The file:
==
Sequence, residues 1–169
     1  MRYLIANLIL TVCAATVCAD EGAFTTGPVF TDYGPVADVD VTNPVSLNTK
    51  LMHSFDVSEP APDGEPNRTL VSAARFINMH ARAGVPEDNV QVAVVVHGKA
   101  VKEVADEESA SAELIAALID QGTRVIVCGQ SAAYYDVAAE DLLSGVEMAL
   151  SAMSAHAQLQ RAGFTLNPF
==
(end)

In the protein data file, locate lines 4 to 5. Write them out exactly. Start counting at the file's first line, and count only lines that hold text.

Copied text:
   101  VKEVADEESA SAELIAALID QGTRVIVCGQ SAAYYDVAAE DLLSGVEMAL
   151  SAMSAHAQLQ RAGFTLNPF